“The stairs will come out, and the ramp will come all the way up,” says James, holding open a second door from the room to the outside.

Although the room is currently empty and down to bare bones, in effect, it’s already full.

“Even when rumors started that we might be taking infants, phone calls came,” says James.

Given the extremely low number of spots locally available, she says that individuals largely rely on their own solutions to find care for their youngest children. That was even a lived reality for James after her daughter had no luck in placing her grandchild prior to his birth.

“My mom and I kept him, which they consider ‘underground,’” says James. “Because you aren’t regulated.”

Helping navigate challenges

In the southeast corner of Missouri, another proof point of the need for greater access is seen through Bell City, where licensed preschool options are limited.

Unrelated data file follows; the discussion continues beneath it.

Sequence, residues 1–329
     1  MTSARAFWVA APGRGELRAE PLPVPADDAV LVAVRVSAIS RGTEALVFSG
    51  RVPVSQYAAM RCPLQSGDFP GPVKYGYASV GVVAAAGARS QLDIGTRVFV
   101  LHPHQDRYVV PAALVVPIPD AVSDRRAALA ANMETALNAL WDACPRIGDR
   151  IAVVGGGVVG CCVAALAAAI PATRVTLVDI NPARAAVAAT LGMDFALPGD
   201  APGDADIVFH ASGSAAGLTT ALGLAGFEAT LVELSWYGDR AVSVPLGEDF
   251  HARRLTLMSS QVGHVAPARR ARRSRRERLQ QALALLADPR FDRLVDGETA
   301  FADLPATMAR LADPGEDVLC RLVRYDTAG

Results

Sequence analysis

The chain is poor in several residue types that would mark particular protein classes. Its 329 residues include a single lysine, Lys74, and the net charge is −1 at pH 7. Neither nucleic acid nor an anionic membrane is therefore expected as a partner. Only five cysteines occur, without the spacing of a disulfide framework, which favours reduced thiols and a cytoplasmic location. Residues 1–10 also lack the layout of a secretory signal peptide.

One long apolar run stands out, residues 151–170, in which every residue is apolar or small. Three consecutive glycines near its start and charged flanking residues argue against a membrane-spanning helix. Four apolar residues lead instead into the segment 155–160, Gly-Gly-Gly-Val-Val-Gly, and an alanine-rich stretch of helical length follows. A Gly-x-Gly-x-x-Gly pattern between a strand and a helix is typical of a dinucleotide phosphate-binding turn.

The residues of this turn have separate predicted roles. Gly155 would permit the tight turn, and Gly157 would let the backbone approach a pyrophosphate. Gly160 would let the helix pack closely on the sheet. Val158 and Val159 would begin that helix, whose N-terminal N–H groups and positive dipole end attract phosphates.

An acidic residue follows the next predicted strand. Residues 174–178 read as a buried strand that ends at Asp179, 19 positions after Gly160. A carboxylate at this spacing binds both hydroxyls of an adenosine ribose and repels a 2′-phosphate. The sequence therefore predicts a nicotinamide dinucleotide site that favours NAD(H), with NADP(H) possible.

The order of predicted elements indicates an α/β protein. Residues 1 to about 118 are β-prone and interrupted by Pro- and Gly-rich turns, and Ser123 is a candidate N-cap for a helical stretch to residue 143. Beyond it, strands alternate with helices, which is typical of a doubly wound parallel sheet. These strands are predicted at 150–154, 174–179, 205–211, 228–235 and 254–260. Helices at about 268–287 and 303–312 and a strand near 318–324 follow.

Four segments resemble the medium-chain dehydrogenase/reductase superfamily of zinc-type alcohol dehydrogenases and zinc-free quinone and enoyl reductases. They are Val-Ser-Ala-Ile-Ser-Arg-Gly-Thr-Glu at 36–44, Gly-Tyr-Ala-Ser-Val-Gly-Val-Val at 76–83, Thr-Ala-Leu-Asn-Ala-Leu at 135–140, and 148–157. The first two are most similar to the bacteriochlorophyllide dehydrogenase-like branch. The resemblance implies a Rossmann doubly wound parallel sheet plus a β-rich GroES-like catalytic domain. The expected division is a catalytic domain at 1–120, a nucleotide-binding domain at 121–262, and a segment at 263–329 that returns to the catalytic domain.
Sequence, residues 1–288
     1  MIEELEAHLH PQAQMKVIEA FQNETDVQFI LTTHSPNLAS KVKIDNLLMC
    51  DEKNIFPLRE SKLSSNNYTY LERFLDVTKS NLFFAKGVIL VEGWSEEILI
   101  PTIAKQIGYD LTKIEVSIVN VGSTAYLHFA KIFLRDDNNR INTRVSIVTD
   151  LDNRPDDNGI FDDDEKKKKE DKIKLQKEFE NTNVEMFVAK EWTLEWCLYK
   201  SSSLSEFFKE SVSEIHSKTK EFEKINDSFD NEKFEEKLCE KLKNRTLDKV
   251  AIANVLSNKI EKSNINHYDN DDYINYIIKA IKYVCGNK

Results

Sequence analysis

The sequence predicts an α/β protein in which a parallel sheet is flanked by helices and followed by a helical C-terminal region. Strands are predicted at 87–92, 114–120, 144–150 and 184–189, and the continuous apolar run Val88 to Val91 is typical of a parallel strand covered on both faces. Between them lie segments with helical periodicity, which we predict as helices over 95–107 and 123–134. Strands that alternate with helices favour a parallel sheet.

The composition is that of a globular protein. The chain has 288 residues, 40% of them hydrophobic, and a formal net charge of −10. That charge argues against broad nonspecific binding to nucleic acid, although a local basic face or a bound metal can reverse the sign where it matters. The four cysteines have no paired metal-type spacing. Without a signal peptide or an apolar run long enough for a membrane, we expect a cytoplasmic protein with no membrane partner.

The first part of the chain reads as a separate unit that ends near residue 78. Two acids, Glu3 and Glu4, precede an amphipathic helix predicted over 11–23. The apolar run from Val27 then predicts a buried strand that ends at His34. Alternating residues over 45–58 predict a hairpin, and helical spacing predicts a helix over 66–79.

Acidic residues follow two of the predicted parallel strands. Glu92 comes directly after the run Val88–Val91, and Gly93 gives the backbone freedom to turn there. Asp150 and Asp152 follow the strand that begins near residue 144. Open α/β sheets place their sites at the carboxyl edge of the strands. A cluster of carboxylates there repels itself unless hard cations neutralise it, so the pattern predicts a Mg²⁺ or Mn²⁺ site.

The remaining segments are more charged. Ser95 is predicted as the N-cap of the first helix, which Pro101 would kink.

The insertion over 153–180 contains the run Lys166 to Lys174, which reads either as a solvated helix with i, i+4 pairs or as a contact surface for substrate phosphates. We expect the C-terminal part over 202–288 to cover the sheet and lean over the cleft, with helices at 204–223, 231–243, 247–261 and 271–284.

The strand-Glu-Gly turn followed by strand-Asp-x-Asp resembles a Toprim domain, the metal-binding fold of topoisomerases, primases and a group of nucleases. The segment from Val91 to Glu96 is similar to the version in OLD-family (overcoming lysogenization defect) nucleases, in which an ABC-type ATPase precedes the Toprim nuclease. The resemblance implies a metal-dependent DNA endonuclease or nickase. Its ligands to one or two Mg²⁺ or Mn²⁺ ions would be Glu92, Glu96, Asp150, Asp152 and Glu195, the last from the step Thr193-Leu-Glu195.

“We were the only licensed facility within a 45-minute drive of the area,” says Jeremy Hahn, executive vice president of Life360 Community Services, of when the organization took over the operation a couple of years ago.

That reality is compounded by another problem facing the small Stoddard County community: A high rate of poverty, found across parts of the Ozarks, which can complicate families’ abilities to make payments for their children to attend.

Of the four-county region that Life360 serves from its Bell City location: “They are above the 90% free and reduced lunch rate. Ninety percent,” Hahn says, emphasizing the metric often used to illustrate the economic reality of particular areas.